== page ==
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Author Topic: Teen loses breast after piercing
Tzarina
Xboxing Day


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When I got my nipples pierced, the ring was attached to the needle, it screwed in place using the threads that the ball went on. (I hope that made sense)

In essence, the needle went in and the ring went right with it. When the ring was through, he unscrewed the needle and attached the ball.

Posts: 1359 | From: Akron, Ohio | Registered: Aug 2005  |  IP: Logged | Report this post to a moderator
Starla
It Came Upon a Midnight Clearance


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Mosherette- Certification for piercers varies by state and sometimes even county. Not all areas even require a health licence, which is unfathomable to me! Although not all areas require certification, certificates are available through piercing organizations and such.

When I mentioned the girl's possible lack of aftercare instructions and such it was more meant to reassure Artemis that there is little to fear as far as ear peircing goes as long as you know what to look for in a good piercer. The OP girl was obviously uniformed. Perhaps the studio gave her bad information, but it is ultimately up to her.

I cannot understand how so many people seem to be willing to go anywhere someone puts up a neon sign and let them put needles through their body. Or worse, let friends do the piercing!

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This used to be the life, but I don't need another one.
MyBandwagon

Posts: 3254 | From: small town Texas | Registered: Jan 2004  |  IP: Logged | Report this post to a moderator
Kitsune26
The First USA Noel


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quote:
Originally posted by black roses 19:
quote:
...and a longer soak with the salt water solution.
Reading that, I visualized someone standing in front of the bathroom sink, topless, with their hands on either side and trying to lean their breasts down into the sink without slipping and falling forward. Then holding that position for a long period of time.

Thanks for that [lol]

Actually, the reality might make you laugh even more.
I had to mix up the solution in two juice glasses. Then lean over while standing, affix the glasses to my boobs (the only time I was glad to have small breasts), and hold tight and lay down-for 15 to 20 minutes.
Bonus points if the cat came over and drapped herself over my hips.

Mosherette- I supect that was the case with my friends. The usually bought the hoops in the mall, put them in whatever peircings they had, and then complained when the things caused issues.
It is possible that the piercer in the OP sold cheap crap-it happens.

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I'm as giddy as a Japanese school girl in an octopus tank.

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Mosherette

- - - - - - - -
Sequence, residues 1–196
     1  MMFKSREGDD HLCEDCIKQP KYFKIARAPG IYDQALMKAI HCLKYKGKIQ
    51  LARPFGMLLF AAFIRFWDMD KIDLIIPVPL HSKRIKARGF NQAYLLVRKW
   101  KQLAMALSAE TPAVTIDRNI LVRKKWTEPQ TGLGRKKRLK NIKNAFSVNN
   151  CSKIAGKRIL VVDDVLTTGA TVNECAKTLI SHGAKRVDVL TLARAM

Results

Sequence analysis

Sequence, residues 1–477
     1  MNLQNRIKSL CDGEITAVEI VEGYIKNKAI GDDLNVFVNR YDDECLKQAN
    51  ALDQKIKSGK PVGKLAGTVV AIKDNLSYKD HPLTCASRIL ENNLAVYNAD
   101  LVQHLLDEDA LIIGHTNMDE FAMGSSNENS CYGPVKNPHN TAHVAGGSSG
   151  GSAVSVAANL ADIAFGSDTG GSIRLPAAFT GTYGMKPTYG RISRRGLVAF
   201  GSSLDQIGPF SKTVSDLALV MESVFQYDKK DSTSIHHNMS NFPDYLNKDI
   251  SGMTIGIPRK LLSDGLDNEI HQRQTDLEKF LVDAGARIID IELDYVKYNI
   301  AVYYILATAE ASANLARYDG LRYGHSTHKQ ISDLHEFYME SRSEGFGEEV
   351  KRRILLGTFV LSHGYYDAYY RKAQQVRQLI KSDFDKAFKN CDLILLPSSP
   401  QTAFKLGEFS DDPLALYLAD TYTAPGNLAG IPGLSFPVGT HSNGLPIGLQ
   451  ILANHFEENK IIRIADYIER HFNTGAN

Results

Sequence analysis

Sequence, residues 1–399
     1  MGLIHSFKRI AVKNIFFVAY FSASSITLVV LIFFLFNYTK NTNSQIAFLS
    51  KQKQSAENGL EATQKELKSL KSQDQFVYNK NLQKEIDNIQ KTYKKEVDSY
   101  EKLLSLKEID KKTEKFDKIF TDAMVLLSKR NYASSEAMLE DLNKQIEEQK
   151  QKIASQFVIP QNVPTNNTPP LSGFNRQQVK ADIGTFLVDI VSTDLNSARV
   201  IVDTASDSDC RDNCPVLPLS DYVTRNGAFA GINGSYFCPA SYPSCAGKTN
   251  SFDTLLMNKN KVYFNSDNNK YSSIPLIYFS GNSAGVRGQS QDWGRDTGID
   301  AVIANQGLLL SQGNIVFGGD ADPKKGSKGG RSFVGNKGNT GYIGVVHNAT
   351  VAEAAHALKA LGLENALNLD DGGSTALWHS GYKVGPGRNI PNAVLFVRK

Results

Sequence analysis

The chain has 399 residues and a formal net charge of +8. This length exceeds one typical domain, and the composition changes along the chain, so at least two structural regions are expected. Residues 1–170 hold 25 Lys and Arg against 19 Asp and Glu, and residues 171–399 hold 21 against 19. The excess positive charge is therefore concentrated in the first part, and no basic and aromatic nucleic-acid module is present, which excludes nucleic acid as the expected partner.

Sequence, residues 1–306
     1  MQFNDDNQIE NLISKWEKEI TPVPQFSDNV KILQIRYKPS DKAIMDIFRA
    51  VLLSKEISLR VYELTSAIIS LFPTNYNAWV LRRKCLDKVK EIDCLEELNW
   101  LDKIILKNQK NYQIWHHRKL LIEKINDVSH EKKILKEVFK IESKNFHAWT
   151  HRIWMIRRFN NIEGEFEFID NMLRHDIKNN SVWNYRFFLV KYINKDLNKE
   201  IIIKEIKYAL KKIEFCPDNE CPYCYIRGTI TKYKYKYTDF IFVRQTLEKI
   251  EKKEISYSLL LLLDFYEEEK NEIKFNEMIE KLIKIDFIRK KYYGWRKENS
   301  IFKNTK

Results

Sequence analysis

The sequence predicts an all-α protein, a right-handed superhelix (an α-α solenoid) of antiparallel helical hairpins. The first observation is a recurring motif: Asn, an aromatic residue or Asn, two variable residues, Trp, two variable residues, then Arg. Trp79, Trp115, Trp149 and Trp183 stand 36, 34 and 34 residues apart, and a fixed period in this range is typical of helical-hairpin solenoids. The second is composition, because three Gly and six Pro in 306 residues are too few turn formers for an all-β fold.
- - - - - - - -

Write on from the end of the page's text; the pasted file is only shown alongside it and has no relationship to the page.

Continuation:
Deck the Malls


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quote:
Originally posted by Starla:
Mosherette- Certification for piercers varies by state and sometimes even county. Not all areas even require a health licence, which is unfathomable to me! Although not all areas require certification, certificates are available through piercing organizations and such.

Piercing organisations? No such thing here - the closest we have is the newly formed tattooist and piercing union, the TPI, and they've only just (like in the past month) managed to agree to standards - and they only formed a year ago, to resist regulation from the - of all things! - hairdressing and beauty industry regulating bodies.

And as for the licence required by environmental health, IIRC all they do is make sure the work surfaces are clean and test your autoclave. As long as all that's working and cleaned on the day of the inspection (which, of course, you're notified about) then you're licenced for another year. Hmmmm.

TBH, I don't trust "certificates" of competancy for piercers and tattooists. In my experience, and the experience of my friends in the business, they aren't worth the paper they're written on. You go and do a two-day course on body piercing and get a nice certificate at the end, but it tells you absolutely nothing, certainly not that the person holding the certificate is able to do each and every piercing out there. And as for tattooing [Eek!] Research, research, research is what's required before you get any kind of this type of work done.

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Silence should never under any circumstances be construed as agreement. A lot of the time, it's simply a reflection that someone just said something so stupid that no response could possibly do it justice. - Ramblin' Dave

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quiltsbypam
Happy Holly Days